How Does A Golf Cart Work?

By Mark Dayne

Golf carts run on electricity, gas or solar energy. The gasoline that is used in cars is the same that is used in gas powered golf carts. In the case of electric powered models they use battery cells. These battery cells are charged using electricity. They use 110 v batteries to power their batteries. There is the need of charging from 8 to 12 hours for completely charging a drained battery cell in full.

Nowadays, the golf cart manufactures are building more ecofriendly carts that recharge their own batteries by using solar panels that are mounted on the rooftops of carts. For these carts, golfers can park the vehicle in the sun to recharge the battery. This is a more convenient way that allows charging the battery while enjoying a round of golf in a sunny day.

You have to apply the break into place by pressing it firmly before starting a golf cart. Then you have to turn the ignition using the key to start the engine. In some carts there is an additional key that has to be pressed together with the ignition key. You may not be able to hear a sound of the motor running in most of the carts that run on electricity. But when the ignition is on the “on” position it is right to assume that the vehicle is on. Normally, these carts only have two gears provided in it. One Reverse and one forward. You can change the gear into the desired position. After that, gently apply the gas pedal for the golf cart to start moving. There will be a sudden initial jolt on starting. So make sure that you hold on the steering wheel firmly. For stopping, press the brake pedal firmly until you hear a locks sound that indicates that the brake is in a locked position.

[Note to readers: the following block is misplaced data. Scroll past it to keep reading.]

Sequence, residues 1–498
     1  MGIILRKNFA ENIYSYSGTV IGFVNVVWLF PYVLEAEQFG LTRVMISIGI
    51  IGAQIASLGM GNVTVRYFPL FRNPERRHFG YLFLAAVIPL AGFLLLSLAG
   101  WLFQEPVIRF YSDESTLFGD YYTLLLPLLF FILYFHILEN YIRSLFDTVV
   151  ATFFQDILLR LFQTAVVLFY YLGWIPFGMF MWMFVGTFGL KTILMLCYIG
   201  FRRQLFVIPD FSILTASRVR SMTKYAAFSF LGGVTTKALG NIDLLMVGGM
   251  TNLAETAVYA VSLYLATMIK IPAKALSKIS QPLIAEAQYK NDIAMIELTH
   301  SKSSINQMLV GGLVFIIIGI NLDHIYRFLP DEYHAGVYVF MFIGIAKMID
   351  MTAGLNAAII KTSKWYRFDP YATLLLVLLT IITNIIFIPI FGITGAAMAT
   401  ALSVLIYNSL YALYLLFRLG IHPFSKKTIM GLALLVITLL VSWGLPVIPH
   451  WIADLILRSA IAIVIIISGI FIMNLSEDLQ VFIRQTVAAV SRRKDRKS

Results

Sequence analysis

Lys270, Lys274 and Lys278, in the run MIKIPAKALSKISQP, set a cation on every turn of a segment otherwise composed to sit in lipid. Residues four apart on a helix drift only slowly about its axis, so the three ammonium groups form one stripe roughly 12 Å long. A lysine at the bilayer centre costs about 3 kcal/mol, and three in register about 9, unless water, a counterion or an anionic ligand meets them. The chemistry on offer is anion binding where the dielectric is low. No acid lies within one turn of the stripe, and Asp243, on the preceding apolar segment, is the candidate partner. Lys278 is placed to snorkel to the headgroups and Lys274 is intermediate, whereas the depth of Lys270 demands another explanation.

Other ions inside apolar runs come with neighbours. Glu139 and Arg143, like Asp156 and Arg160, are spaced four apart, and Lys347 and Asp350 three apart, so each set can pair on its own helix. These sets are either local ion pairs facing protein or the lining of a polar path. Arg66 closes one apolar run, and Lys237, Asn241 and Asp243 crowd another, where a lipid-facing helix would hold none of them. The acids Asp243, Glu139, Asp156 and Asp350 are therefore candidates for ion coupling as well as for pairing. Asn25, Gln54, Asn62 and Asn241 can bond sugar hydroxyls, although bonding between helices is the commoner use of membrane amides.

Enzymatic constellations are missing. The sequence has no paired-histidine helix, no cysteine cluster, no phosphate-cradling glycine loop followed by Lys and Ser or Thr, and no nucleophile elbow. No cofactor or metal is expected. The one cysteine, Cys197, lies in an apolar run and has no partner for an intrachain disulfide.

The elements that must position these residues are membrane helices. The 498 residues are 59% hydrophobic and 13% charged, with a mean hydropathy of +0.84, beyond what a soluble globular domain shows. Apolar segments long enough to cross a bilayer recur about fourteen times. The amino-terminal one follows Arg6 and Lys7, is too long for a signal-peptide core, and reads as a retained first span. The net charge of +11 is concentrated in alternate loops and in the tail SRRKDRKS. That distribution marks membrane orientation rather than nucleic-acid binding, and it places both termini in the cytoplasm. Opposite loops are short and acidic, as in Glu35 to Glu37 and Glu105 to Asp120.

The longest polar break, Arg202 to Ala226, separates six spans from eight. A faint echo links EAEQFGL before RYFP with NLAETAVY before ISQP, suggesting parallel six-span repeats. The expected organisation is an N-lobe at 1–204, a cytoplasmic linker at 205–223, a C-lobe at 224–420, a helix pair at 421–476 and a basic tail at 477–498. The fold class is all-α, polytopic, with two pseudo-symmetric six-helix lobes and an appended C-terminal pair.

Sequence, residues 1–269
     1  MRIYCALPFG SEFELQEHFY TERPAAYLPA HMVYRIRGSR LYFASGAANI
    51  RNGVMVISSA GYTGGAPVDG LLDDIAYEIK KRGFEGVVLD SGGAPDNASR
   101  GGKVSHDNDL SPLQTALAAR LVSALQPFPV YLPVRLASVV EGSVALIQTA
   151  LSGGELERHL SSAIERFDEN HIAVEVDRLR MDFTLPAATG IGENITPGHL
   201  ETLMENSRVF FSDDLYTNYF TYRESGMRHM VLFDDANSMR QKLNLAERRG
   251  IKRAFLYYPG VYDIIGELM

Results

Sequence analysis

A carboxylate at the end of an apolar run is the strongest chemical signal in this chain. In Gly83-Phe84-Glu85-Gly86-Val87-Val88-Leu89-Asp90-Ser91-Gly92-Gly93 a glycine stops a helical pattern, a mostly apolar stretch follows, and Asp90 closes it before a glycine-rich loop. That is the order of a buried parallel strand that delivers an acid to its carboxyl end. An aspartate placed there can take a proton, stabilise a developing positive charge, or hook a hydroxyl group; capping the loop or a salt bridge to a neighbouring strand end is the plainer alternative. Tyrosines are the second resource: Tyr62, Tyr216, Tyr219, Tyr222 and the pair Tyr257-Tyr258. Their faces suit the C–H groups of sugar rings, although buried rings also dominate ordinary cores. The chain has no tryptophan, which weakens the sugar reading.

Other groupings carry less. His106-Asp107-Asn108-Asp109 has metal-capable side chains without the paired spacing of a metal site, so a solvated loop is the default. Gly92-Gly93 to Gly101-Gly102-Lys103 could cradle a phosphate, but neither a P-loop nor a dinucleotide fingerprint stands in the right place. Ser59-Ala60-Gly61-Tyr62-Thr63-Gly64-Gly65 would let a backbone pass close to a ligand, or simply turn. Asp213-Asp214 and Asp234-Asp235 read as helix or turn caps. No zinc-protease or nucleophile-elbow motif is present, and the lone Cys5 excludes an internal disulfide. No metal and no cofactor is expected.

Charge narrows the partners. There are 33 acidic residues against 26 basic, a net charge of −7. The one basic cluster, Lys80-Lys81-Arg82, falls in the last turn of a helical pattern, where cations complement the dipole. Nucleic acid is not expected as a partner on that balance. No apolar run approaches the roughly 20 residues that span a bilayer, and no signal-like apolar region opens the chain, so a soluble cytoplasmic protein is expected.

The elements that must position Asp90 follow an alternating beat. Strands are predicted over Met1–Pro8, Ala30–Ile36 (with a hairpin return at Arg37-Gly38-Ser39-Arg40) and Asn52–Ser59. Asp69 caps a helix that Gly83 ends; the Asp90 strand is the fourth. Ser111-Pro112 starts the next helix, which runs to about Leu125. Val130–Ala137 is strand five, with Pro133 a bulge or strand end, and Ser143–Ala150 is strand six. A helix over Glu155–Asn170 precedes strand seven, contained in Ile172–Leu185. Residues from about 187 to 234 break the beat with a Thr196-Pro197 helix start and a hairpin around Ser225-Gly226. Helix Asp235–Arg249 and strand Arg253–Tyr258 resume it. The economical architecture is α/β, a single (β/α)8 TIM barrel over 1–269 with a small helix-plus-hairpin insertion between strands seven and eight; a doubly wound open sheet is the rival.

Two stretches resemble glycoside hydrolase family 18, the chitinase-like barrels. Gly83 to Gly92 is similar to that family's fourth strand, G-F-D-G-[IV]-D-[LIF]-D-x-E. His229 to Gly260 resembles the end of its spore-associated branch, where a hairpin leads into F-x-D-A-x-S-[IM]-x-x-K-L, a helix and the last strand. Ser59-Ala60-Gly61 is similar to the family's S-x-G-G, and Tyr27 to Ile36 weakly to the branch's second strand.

Normally a golf cart will not run as fast as a regular car. The maximum speed in forward direction is 15 mph and 10 mph in reverse direction. There are some street legal carts that can run up to 25 mph. The maximum horse power that is available with these carts is 11.4 hp. These carts uses single cylinder low emission engine with positive oil lubrication.

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